Muliebrity MalisonVaticinate
The website is Vagabond Jewelry, the home of Kest Schwartzman, a metalsmith who decided to make very tough simple jewelry because she was tired of not being able to wear jewelry due to the stress she put on it. One of her lines is dedicated to obsolete words that are being removed from the dictionary. These are very simple copper tags with the word inscribed on it. Words like muliebrity, or malison (a curse), or vaticinate (to foretell by prophetic inspiration.) Her thought was that by wearing these words that are threatened with extinction, we can do something to keep them alive. Sort of a preservation program for endangered words. I can get behind trying to save old words, and some of these words are worth using.

artist profile16 Feb 2009 07:28 pm

Count Your Sheep –
No Room for Magic –
The Wisdom of Moo –
When I set out to experience anything in the various entertainment media–novels, movies, webcomics, what have you–I find that I often use the word “grab” to describe my response.  “It just didn’t grab me,” I’ll say, or, “It grabbed me right from the start and wouldn’t let me go.”

I like the image of it: an invisible hand reaching through my eyeballs and trying to wrap its fingers around my brain.  The work in question wants to affect me, after all, wants to make me see the world as its creator does, and sometimes it can, digging into the folds of my cerebrum and taking root.

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artist profile13 Oct 2008 09:00 am

There may not be much in the way of science quilts out there, but science jewelry is a different matter. I had a wonderful evening web browsing by searching for “science jewelry” on Etsy. Here is a small sample of some of my favorites:

Read on for information on these artists and pictures of more of their work. Remember that the next installment of Vera Nazarian’s story “The Slaying of Winter” will appear next week.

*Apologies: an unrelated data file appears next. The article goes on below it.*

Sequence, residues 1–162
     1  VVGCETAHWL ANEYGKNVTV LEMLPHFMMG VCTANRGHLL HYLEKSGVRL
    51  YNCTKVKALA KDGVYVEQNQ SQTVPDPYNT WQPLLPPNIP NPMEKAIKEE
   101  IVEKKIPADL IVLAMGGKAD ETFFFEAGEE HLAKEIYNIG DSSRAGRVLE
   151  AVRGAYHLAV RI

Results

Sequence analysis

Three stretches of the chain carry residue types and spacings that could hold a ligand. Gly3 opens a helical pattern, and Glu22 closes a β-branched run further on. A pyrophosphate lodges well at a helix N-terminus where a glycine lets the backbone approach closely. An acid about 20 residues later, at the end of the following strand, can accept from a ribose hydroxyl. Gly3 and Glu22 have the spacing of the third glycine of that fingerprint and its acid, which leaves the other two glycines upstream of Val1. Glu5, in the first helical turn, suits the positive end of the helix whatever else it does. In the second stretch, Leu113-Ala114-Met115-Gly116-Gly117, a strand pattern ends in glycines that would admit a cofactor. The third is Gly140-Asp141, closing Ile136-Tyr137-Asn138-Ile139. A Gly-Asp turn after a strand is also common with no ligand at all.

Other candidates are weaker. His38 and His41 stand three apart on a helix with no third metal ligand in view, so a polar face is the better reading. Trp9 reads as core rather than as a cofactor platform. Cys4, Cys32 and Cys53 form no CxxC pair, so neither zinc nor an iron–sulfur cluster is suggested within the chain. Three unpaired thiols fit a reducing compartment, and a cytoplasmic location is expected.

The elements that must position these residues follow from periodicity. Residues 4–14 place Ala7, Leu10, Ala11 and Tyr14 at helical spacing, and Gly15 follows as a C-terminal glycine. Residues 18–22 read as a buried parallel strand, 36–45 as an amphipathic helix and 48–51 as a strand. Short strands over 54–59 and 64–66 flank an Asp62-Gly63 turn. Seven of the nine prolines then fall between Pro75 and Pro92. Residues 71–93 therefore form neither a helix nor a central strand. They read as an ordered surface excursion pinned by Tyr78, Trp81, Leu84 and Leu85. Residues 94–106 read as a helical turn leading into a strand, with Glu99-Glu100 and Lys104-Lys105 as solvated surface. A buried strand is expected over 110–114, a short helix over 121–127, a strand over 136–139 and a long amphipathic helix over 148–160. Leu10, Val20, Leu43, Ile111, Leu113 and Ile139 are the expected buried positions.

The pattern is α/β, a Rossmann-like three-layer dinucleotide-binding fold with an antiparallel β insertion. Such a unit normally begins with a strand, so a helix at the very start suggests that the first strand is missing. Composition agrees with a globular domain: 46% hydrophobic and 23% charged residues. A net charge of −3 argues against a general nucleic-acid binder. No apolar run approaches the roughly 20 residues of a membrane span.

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artist profile15 Sep 2008 08:30 am

I first met Pat Lillich back in 1996 on an email list ( She told a story about how she reacted to a painful time in her life by wanting to make a baby doll. She felt that she had made a beautiful doll in her characteristic all white look, but when she exhibited it at an art show people berated her for showing a sculpture of a dead baby. I didn’t see the doll, but for some reason I could picture it perfectly and the image stayed in my head. I could imagine a sleeping ethereal face that made some observers recoil.

I didn’t hear from Pat for years. Years later, I mentioned her story of the dead baby on the list and wondered what happened to her. To my surprise, she answered me. She had been lurking all along. This time, I had the opportunity to see her artwork, and my expectations were blown away. Typically, her pieces are otherworldly and pure white, with maybe a splash of color. Even the ones that aren’t obviously fantasy seem to have come from another world.

Recently, her work has received acclaim from many sources. She was profiled on Endicott Studio, and she was voted into NIADA, one of the highest honors in the dollmaking world.